Every business faces risks that present threats to its success. In its broadest sense, the risk is the possible harm associated with a situation – the product of impact and probability.
Risk management is using processes, methods and tools for quantifying and managing these risks and uncertainties.An essential aspect of the financial services sector is managing financial risk on behalf of both customers and owners. To discuss the risks a financial services firm faces is, therefore, to address one of the core reasons for its existence. For risk management practitioners, that is what gives the disciplines within risk management their importance – and their intellectual appeal.
The basic concepts are not difficult to grasp, as will be seen as we progress through this workbook, but understanding their interrelationship is sometimes less straightforward.
The diagram below shows a financial services firm – for example, an asset manager, broker or bank – in the context of the risk environment within which it operates. Detailed definitions will be provided as we meet each element in its relevant chapter, but an initial overview will help set the scene.
- Credit, market and liquidity risks are at the centre of the diagram because the management of these risks lies at the heart of the complex financial transactions performed by the industry. These transactions include: increasing the long-term wealth of investors and entrepreneurs by making investors’ assets available to those in the global economy who can put them to the best, most productive use enabling long-term mortgages and corporate or sovereign financing using short-term sources of funding, such as retail deposits providing the payment and safe-keeping mechanisms that underpin a modern wealth-creating economy.
- Investment risk – the credit, market and liquidity risks referred to above are managed for the firm’s benefit – its owners and clients. Many of these clients are investors whose funds are governed by the firm. We refer to the combination of risks involved in providing the ‘right’ level of return to these investors as ‘investment risk’.
- Operational risk – the act of managing credit, market, liquidity and investment risk are itself subject to a different set of risks. These emerge from the people, processes, systems and external events that the firm needs to manage in running its business. These are four key factors that are collectively referred to as operational risk.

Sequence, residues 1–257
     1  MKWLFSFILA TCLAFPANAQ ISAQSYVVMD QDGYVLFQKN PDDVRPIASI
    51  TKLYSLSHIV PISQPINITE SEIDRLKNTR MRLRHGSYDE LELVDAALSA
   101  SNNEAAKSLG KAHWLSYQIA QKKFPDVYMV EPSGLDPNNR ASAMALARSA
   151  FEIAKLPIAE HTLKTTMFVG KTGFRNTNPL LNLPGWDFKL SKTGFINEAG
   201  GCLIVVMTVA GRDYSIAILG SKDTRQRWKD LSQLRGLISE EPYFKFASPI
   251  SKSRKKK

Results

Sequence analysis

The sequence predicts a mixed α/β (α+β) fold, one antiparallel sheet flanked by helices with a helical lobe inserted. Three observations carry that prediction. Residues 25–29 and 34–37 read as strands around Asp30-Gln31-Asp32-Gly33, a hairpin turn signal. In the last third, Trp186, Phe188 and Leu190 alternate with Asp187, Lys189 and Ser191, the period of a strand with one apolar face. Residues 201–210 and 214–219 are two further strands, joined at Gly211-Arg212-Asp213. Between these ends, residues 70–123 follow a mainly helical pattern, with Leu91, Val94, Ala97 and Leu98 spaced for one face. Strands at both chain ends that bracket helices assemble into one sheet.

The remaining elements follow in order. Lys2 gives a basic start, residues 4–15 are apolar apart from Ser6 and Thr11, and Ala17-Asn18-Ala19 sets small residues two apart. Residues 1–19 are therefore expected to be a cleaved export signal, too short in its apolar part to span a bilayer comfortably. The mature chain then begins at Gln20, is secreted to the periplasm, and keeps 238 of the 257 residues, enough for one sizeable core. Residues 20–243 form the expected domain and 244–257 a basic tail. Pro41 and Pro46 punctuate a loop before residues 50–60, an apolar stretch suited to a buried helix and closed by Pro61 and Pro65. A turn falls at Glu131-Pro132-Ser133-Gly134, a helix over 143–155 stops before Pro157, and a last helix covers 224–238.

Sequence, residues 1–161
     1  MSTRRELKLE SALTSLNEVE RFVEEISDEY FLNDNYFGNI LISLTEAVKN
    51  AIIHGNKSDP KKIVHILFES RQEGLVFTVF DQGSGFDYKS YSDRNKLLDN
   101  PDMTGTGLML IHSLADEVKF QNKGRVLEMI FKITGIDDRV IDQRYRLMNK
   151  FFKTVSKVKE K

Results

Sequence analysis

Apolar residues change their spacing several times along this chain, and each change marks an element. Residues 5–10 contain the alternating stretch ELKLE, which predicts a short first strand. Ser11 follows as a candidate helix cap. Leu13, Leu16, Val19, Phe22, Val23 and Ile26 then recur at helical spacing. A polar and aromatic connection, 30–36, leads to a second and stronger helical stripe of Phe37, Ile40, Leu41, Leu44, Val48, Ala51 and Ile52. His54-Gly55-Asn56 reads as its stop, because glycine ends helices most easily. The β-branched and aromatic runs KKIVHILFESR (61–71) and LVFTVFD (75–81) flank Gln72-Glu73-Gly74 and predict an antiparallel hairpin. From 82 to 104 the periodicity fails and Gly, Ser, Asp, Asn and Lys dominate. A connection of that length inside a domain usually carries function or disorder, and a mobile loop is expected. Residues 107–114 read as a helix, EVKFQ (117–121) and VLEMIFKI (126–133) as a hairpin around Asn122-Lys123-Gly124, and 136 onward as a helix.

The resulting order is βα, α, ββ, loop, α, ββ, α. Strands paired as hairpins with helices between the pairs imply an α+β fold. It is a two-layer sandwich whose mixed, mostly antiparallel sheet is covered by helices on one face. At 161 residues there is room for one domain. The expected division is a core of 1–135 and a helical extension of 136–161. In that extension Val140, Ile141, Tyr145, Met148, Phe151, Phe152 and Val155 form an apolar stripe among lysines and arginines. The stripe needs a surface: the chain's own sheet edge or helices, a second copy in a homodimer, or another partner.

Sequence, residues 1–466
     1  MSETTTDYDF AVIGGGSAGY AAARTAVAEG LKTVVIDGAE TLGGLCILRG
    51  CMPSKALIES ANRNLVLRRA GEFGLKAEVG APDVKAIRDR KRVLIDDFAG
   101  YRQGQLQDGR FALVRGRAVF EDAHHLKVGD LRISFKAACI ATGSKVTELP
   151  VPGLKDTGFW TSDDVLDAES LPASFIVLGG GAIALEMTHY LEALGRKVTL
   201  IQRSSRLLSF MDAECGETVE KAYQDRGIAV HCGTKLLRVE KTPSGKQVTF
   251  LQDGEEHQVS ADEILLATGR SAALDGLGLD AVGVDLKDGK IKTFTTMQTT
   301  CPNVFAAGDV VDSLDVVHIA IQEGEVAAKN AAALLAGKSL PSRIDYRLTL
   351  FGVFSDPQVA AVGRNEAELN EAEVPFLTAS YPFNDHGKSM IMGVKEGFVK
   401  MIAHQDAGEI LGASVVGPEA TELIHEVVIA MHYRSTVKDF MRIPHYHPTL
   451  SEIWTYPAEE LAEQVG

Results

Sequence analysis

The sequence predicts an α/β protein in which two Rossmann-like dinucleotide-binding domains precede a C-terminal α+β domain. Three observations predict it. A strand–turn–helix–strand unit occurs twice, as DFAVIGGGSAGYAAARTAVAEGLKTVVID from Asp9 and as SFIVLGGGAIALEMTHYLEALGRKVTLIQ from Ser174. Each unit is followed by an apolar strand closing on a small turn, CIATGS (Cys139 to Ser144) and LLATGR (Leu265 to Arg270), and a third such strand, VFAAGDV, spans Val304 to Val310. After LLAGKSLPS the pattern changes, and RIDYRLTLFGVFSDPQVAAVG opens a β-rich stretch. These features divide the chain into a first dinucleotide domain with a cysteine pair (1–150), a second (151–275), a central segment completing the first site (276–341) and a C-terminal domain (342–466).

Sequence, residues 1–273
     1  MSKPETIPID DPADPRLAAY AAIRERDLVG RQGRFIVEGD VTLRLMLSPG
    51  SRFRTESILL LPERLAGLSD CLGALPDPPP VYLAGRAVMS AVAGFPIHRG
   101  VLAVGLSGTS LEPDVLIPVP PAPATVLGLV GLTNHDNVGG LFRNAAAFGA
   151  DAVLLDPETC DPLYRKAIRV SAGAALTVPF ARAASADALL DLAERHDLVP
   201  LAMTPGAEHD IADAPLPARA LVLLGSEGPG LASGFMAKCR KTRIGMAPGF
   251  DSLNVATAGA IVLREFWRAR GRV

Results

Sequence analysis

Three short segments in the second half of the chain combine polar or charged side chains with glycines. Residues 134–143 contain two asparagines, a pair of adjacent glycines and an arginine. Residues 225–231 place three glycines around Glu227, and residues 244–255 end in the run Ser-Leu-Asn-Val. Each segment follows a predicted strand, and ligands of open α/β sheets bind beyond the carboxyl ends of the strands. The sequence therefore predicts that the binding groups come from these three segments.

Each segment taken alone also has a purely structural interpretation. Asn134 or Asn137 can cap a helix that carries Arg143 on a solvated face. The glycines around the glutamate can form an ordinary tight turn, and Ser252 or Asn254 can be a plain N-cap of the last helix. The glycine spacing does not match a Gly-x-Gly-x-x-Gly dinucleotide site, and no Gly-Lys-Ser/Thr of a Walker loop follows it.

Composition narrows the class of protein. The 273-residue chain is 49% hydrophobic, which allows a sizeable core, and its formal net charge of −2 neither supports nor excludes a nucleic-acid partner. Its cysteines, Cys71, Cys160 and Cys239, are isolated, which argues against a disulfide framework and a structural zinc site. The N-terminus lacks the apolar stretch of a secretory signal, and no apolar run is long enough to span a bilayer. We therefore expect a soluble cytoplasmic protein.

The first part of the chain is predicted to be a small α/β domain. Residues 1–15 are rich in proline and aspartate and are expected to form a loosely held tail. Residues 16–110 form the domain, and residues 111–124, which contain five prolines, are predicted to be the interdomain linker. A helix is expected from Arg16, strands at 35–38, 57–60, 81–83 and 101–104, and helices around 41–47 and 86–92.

- Enterprise risk – understanding the different risks to which a financial services firm is subject is key to its success. Therefore, risk information is regularly reported up the chain of command. Separate reporting mechanisms have traditionally been used for the separate risk types, but, increasingly, firms find it helpful to group the risk types and report on them collectively. This provides the ‘risk equivalent’ of the firm’s accounting tools, where the balance sheet, profit and loss account, and cash flow statement enable a focused view of the firm’s finances. Enterprise risk management provides the firm with a succinct view of all its vital risk information, thus allowing the senior team to make balanced, firm-wide risk decisions.
- Strategic risk (internal) – the firm does not exist in isolation and interacts with global financial markets and the ‘real’ economy. These interactions with the real economy give rise to the sorts of strategic risks that every firm faces, regardless of its industry. Some of the more critical internal drivers of strategic risk stem from a firm’s chosen strategy translation and execution of its strategy into its business (or operational) model, its financial management and its internal compliance with externally imposed regulations and laws.
- Strategic risk (external) – arises from unforeseen changes in the global economy, the political arena, the competitive environment, social and market forces, and technological innovation.
- Corporate governance and risk oversight – there are both tactical and strategic risk-takers within the organisation. The strategic risk-takers – chief executive officer (CEO), directors and senior managers – formulate a strategy for the firm that requires certain risks to be taken and others expressly to be avoided. They communicate the strategy to the traders, asset managers and research analysts, whose job is to manage the tactical risks involved in implementing it. For this communication process to function correctly and to enable the strategic risk-takers to monitor the subsequent progress in the strategy’s implementation, there needs to be a set of robust methods for ensuring that the firm is appropriately governed to formulate and implement the strategy implementing a coherent firm-wide risk framework to enable oversight of the strategic and tactical risks that will allow the anticipated returns to be generated and unnecessary losses or impairment of the company’s value to be minimised.
Having gained an understanding of the broad spectrum of risks to which financial services firms are potentially exposed and the underlying drivers of each type, a firm needs to address the various ways in which its actual risks can be managed. A ‘risk register’ of risk types (eg, operational) and specific risks (eg, failure of the customer relationship management system) is compiled and used by firms so that the risks and the associated mitigating actions and controls can be understood and owned and monitored.
The firm then needs to decide how much risk it is willing to take, a concept known as risk appetite, and make sure that this appetite is not exceeded through formal controls and high-quality risk reporting. In addition to controls and risk reporting, the so-called risk culture of the firm also plays a crucial role in enabling the risk appetite set by the board to be understood and adhered to at all levels of the organisation.